It is now possible to claim flight emissions when flying on sustainable aviation fuels. Image: Unsplash/Artturi Jalli
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- The Sustainable Aviation Fuel certificate (SAFc) Emissions Accounting and Reporting Guidelines enable those within the aviation value chain to claim for their respective flight emissions when flying on Sustainable Aviation Fuels.
- Corporate and private customers looking to reduce their scope 1 and 3 emissions from flying can create a strong, long demand signal for certified emissions reductions from the use of Sustainable Aviation Fuels.
- With the support of governments and stakeholders global aviation can transition to net zero.
Leaders in the aviation industry set out ambitious Sustainable Aviation Fuel certificate (SAFc) Emissions Accounting and Reporting Guidelines, under the Forum’s Clean Skies for Tomorrow coalition. These new guidelines, authored by the World Economic Forum in collaboration with RMI and PwC Netherlands, have been co-developed with 30 industry leaders, including Alaska Airlines, Amazon, Novo Nordisk, DHL, Microsoft and SkyNRG, and will enable multiple parties within the aviation value chain to claim for their respective flight emissions when flying on Sustainable Aviation Fuels (SAF).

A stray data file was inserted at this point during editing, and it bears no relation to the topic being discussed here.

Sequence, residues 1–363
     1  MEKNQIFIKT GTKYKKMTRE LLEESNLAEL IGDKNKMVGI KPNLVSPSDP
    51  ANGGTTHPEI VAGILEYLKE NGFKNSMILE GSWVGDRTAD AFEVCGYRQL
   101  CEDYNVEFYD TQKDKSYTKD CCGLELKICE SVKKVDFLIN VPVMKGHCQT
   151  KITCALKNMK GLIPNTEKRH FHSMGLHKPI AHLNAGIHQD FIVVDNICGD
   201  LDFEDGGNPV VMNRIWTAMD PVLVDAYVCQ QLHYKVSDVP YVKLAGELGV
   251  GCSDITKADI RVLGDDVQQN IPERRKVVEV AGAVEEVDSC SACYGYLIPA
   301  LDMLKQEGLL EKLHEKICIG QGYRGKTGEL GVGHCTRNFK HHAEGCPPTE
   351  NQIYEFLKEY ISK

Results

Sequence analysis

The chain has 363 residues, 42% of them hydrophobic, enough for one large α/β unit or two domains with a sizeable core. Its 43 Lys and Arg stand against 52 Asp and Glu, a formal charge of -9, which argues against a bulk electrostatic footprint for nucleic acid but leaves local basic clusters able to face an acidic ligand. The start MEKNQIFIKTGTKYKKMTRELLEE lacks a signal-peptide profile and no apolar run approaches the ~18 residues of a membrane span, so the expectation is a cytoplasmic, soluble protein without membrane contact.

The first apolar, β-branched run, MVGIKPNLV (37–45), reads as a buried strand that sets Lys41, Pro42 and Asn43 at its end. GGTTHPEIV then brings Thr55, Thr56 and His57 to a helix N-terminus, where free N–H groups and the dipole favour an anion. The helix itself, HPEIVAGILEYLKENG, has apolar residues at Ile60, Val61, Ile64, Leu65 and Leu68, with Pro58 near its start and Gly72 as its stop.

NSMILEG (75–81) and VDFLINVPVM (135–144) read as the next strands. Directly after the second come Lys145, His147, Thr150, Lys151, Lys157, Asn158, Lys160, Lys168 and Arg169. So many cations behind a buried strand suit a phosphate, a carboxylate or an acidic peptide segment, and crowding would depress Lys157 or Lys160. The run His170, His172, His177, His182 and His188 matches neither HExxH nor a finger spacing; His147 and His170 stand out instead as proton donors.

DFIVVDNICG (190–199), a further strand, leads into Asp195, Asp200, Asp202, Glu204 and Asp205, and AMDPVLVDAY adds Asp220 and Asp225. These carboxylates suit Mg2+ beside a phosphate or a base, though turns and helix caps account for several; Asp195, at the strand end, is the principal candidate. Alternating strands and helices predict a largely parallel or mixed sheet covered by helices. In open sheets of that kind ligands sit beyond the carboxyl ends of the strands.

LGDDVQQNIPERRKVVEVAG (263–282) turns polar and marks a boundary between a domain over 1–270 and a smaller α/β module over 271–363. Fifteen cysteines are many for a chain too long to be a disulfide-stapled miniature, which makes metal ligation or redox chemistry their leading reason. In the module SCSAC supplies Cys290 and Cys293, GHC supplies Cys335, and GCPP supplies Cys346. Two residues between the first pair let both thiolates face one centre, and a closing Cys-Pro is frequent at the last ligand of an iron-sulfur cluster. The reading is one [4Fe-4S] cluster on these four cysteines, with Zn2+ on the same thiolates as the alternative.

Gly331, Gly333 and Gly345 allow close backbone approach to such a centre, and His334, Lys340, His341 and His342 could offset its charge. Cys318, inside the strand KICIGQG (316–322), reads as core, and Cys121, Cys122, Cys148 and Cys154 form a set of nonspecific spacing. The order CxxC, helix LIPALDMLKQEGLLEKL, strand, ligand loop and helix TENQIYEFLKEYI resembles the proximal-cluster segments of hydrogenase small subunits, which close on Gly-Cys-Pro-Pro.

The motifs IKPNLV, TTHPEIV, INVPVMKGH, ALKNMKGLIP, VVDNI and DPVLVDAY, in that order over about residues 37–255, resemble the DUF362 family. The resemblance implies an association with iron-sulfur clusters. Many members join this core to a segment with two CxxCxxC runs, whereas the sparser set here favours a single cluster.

Corporate and private customers looking to reduce their scope 1 and 3 emissions from flying can create a strong, sustained demand signal for certified emissions reductions from the use of SAF. For this to occur, however, it is vital that clear and standardised accounting and reporting guidance is developed, so that corporate and private aviation consumers can unlock the environmental attributes of SAF. This will also ensure environmental integrity and avoid potential negative outcomes.
What is the World Economic Forum doing to help aviation meet net zero goals?
From offsetting to insetting flight emissions